Apple to face Senate’s criticism over US taxes
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Tim Cook - CEO at Apple Inc.

Tim Cook - CEO at Apple Inc.

Black clouds are gathering over Apple Inc. and its CEO Tim Cook as the Senate panel has found that the smartphone giant  avoids paying corporate income tax. The Apple CEO is due to excuse the company’s tax practices to the Senate Permanent Subcommittee on Investigation on the 21st of May and it seems that he will face bitter criticism over the company's operations.

Apple & corporate tax

For the last couple of months, tech giants and other well-known companies, including Starbucks Corp., have been excusing their tax approach as governments have been widely criticizing them for using tax havens and subsidiaries not to pay corporate tax. And it seems that Apple Inc. has joined the infamous group of companies accused of immoral tax practices.

The findings of the Senate’s body indicated that iconic Apple Inc. had been avoiding paying corporate income tax by exploiting its subsidiaries - the practice very popular among companies as they aim not to share their income with authorities. The tax practices of Apple Inc. helped the iPhone maker not only avoid paying taxes at home but also overseas. It might be surprising to see Apple Inc., which is in fact one of the US most profitable tech giants, taking advantage of loopholes to avoid paying taxes but that is the picture of reality showed by the findings of the Senate panel.

On the 21st of May, Tim Cook, who has been at the helm, since 2011, is due to explain all the tax practices of Apple Inc. But it is widely speculated that apart from excuses, Apple CEO Tim Cook will also call Congress to reduce the corporate tax rate, underlining that the present rate is responsible for US companies  exploiting all possibilities to avoid paying adverse taxes. However, it is likely that he will face the wall of harsh critique as the Senate’s findings indicated that the iconic iPhone maker avoided paying staggering $9 billion in US taxes last year (sic!), compared to the paid sum of $6 billion. Indeed, the sum of tax avoidance can make one dizzy! Sen. John McCain has noted that Apple Inc. is known for its disposition to brag about that it is “the highest-paying taxpayer in the United States," adding that: "What they often leave out is they are also one of the largest corporate tax avoiders."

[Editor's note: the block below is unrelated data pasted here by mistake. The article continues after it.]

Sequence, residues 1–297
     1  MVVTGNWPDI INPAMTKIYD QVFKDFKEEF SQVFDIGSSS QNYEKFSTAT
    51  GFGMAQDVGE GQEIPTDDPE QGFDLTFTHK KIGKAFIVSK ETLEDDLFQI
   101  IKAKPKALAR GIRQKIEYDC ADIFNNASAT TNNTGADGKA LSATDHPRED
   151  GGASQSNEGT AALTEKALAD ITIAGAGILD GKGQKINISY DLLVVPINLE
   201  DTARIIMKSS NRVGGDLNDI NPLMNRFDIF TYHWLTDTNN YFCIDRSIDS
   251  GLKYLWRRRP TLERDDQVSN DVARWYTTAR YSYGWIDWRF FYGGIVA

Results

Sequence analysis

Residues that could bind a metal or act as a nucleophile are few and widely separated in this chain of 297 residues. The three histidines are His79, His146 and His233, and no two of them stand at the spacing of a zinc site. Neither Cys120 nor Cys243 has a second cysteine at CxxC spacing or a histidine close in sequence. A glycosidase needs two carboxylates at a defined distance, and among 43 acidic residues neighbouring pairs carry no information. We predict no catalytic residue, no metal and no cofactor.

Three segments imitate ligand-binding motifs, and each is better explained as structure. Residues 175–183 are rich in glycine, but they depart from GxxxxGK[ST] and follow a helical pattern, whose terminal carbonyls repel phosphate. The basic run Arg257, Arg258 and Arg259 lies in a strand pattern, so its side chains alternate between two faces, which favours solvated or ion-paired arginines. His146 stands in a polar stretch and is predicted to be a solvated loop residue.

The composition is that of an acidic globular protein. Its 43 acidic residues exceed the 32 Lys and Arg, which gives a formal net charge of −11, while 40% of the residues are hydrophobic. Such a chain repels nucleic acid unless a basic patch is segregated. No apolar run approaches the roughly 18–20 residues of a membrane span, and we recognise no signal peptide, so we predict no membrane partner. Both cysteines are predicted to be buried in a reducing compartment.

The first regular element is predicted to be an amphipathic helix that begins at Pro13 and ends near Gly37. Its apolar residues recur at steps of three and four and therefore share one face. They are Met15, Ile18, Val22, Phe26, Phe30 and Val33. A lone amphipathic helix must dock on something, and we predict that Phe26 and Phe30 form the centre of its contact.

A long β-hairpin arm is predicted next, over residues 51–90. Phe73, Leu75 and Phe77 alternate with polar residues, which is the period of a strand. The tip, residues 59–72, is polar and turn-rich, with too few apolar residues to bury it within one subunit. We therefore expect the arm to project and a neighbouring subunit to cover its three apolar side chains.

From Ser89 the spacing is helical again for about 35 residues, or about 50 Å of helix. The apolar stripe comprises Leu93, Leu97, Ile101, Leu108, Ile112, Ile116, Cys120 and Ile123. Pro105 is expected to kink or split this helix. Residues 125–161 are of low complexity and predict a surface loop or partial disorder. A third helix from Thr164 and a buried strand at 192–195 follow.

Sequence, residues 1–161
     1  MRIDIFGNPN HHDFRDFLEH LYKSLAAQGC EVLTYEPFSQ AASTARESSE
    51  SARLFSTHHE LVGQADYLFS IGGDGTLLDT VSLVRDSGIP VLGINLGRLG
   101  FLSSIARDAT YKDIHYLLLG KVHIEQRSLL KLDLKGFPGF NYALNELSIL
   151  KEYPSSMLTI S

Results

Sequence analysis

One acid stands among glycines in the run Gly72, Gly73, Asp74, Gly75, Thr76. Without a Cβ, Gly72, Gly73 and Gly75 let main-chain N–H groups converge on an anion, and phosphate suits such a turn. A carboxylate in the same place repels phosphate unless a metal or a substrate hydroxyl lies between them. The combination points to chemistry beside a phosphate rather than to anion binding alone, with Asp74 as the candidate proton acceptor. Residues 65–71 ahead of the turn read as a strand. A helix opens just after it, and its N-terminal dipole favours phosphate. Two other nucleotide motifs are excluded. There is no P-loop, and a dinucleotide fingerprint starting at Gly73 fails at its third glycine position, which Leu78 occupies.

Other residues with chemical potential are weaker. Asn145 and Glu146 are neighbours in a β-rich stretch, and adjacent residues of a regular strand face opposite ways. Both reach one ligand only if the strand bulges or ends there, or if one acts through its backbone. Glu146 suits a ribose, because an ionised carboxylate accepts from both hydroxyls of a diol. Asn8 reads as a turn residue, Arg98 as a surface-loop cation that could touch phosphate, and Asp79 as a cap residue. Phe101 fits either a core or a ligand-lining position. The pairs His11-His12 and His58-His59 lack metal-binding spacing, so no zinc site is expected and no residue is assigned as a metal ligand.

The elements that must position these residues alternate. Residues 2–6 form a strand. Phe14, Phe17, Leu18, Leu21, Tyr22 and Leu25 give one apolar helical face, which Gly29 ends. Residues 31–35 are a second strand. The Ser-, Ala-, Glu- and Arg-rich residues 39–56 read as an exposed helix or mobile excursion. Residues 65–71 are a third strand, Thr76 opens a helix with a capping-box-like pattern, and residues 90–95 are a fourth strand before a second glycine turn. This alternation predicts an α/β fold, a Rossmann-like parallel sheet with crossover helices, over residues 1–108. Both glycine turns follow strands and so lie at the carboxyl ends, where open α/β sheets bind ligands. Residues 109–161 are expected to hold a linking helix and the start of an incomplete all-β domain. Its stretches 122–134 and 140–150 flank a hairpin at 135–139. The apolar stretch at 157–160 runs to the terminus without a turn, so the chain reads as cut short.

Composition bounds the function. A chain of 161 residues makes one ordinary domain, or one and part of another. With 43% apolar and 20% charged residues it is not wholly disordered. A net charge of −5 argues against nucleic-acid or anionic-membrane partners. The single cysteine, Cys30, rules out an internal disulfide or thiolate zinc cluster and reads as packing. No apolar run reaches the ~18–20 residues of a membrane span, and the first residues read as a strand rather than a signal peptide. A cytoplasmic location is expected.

Indeed, the findings of the subcommittee report, which was released on the 20th of May, may be shocking as the estimates showed that the tech giant avoided paying staggering $15 billion in US taxes for the period between 2009 and 2012. The fact is that the iconic iPhone maker uses practices which are commonly exploited by other companies to avoid paying corporate tax, but it also takes advantage of loopholes in tax law to pay ludicrously small amounts of taxes.

It should be underlined, however, that the subcommittee report did note that all tax practices of Apple Inc. were legal. But it does not change the fact that the approach of Apple Inc. might be seen as immoral.

Senate panel to examine corporate tax

Truth be told, Apple Inc. is not the only company that uses all loopholes in law which allow it to pay little or no taxes at all. Therefore it is not surprising that Sens. Carl Levin and John McCain aim to end exploitation of overseas tax havens and immoral tax practices of US companies.  It may come as no surprise that Audit Analytics  issued alarming findings, indicating  that around 1,000 US companies had staggering $1.9 trillion in earnings in the foreign bank accounts.

Apple CEO Tim Cook will certainly face harsh criticism at the hearing. It seems that he will have to explain the practices of the iPhone maker. But the fact is that the US authorities will have to change their tax law as well. Yet, it is worth mentioning that not only the US will have to address the issue of corporate income tax in the near future.

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